Because Boden's front leg is still bothering him and he's gimping around, we allowed him to stay in the room with us while we did yoga. We can't leave him and Blaise alone unsupervised because their wrestling gets pretty wild, and I don't want Boden's leg getting worse. We gave Blaise and Thatcher bones and blocked them out of the room with a baby gate. With all the dogs seemingly settled down, we started the dvd and tried to get into the zone. We got about two minutes in, when Blaise started whining outside the door. We told her to hush and pressed on with our "relaxing" flow. She then proceeded to cry for the entire 40 minutes. Nothing would stop her. Every 30 seconds or so, we would just hear this sad, pathetic crying. And that's just what was happening outside the room. Mr. Boden thought my yoga mat was placed on the floor for specifically for him. He kept rolling around happily, right under my legs, forcing me to awkwardly stretch around him and fight for my balance. At times he would playfully bite my hands or ankles, assuming that I was on the floor just to entertain him. So I can't quite say our yoga practice was a success, but at least we have plenty of room for improvement. Making through five minutes without having to scold a dog would be a good start. Until next time.

Monday, August 5, 2013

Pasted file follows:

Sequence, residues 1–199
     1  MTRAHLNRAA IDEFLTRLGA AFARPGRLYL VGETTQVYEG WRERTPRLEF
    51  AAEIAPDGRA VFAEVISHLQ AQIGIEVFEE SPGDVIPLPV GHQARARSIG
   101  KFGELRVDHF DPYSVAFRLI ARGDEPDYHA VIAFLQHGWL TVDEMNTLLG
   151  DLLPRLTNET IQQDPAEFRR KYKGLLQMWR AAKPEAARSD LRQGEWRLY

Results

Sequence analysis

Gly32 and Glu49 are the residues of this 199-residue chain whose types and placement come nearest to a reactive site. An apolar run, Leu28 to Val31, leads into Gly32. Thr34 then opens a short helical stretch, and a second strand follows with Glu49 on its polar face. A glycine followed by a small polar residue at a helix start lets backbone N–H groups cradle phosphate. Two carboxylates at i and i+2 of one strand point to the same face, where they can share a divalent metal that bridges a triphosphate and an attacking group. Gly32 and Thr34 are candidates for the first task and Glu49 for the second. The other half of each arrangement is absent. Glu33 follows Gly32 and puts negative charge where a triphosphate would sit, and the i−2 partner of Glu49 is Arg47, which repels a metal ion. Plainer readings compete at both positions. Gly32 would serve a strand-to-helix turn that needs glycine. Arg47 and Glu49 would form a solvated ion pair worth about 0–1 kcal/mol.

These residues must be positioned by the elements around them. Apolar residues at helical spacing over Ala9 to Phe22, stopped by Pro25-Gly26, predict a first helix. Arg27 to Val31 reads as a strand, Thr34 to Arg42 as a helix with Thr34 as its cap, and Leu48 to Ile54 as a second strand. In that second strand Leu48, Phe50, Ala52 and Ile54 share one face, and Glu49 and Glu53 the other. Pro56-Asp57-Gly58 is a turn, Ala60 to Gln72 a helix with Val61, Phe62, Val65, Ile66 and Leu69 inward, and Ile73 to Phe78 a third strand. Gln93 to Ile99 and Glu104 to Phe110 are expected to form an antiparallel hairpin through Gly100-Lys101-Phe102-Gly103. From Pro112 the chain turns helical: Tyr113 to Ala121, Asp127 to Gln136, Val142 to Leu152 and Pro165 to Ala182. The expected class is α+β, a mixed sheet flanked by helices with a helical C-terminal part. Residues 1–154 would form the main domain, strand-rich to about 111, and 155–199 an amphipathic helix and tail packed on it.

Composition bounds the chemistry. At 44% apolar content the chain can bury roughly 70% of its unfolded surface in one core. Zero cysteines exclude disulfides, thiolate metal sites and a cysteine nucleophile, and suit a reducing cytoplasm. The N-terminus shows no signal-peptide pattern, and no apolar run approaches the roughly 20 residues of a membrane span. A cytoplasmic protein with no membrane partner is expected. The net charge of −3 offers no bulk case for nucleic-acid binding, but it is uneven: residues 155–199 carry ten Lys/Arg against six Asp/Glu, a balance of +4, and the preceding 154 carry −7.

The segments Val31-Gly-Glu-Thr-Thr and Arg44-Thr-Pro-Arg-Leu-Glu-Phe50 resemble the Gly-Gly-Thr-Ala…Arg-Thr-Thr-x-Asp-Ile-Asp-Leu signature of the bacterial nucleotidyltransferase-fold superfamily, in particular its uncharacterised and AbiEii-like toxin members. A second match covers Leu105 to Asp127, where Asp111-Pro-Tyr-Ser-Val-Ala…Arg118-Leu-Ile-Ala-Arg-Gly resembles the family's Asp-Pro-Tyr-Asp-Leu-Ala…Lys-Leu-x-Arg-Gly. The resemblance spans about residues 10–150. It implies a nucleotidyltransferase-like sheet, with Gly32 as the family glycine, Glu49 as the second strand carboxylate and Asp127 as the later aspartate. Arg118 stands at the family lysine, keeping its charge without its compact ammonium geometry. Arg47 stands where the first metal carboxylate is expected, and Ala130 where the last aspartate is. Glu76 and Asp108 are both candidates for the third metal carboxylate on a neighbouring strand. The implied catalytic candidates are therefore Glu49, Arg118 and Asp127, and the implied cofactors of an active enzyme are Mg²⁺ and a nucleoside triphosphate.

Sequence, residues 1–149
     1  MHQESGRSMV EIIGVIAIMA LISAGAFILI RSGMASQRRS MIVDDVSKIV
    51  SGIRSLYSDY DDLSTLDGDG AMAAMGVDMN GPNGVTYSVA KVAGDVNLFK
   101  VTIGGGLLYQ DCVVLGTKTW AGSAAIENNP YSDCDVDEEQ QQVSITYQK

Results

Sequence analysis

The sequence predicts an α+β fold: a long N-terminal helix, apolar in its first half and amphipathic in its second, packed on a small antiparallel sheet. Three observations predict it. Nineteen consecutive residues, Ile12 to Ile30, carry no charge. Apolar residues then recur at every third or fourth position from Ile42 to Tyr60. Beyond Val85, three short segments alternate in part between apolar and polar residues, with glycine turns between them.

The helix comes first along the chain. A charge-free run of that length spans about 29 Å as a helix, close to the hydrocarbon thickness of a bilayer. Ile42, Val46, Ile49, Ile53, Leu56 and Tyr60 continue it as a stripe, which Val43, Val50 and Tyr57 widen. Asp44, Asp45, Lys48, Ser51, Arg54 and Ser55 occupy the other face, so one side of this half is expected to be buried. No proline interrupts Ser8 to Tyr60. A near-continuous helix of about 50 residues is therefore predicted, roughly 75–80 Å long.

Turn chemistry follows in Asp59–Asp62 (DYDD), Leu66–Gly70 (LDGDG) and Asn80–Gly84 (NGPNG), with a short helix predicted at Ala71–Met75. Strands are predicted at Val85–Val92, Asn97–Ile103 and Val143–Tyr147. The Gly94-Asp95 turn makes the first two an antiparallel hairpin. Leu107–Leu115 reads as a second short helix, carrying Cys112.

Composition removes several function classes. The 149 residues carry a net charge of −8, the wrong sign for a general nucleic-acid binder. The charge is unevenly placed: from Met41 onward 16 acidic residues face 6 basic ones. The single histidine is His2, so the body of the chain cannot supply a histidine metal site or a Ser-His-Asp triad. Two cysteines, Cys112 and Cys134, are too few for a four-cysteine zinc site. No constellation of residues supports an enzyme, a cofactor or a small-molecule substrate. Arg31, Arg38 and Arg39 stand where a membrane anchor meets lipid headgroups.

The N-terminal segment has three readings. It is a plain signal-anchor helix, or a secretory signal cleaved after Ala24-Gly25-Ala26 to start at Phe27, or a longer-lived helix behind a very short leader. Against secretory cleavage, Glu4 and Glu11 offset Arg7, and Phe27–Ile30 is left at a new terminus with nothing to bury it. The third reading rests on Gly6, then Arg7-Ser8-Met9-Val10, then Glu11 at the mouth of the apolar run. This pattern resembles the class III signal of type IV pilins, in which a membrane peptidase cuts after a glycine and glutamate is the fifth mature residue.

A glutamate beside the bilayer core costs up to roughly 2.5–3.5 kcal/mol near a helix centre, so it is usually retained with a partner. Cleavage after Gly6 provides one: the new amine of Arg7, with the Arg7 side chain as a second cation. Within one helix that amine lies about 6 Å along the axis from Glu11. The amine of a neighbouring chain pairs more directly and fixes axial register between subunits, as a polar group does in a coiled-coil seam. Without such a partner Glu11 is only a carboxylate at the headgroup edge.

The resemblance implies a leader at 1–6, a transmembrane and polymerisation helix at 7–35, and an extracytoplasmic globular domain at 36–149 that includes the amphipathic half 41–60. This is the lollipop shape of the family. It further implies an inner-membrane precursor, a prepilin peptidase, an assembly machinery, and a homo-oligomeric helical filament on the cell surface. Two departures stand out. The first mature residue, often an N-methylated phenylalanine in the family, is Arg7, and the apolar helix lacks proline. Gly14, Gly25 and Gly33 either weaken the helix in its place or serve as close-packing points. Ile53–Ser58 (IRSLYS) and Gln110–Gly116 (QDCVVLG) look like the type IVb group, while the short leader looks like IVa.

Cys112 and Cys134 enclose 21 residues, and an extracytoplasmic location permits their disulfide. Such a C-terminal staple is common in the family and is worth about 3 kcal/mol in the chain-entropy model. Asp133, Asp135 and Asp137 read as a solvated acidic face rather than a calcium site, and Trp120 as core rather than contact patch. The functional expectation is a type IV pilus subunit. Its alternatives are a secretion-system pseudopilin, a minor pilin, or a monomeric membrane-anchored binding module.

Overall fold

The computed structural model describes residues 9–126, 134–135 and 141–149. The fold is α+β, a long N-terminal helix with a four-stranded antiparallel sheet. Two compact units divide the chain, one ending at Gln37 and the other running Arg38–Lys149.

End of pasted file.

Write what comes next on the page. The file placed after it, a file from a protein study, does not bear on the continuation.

Grass in the desert

With monsoon season and the little bouts of rain we've been getting, something delightful has happened in our backyard: a tiny section of grass sprouted up. It's scraggly and thin, but it is a definite greenish patch of grass. I thought the Newfies would appreciate it more than I do, but they just keep going over and chomping away at it. They seriously will not stop eating it. I can't understand why they want to eat such a precious commodity. I would love to plant grass in our whole backyard, but it's so dry that it would likely quadruple our water bill to try and keep the grass watered. For now, we'll just have to settle for the sad little patch we have that we're stuck sharing with every single insect in the yard.

That's basically all the excitement around here except for yet another health concern with the Newfies - this time Boden. Last Friday I came home from work and Boden was limping pretty badly. I felt his leg, from his shoulder to his paw, and can't seem to find where the pain is coming from. He's pretty clumsy, especially with the slippery tile in our house, so I decided to wait it out a couple of days and see if it improves. In the meantime, I've been excluding him from our daily walks. I have to admit, walking just Thatcher is so much easier than walking both dogs at the same time. He just happily meanders alongside of me, content to be an only dog for these 20 minute outings. Boden is a mess when we have to leave him behind, but I don't want to risk making his leg worse. I'm giving it another couple of days, but I've scheduled a vet appointment for later this week just in case. Once again, I find myself wondering how people with kids do it. Every time I get one dog all taken care of, something happens to the next!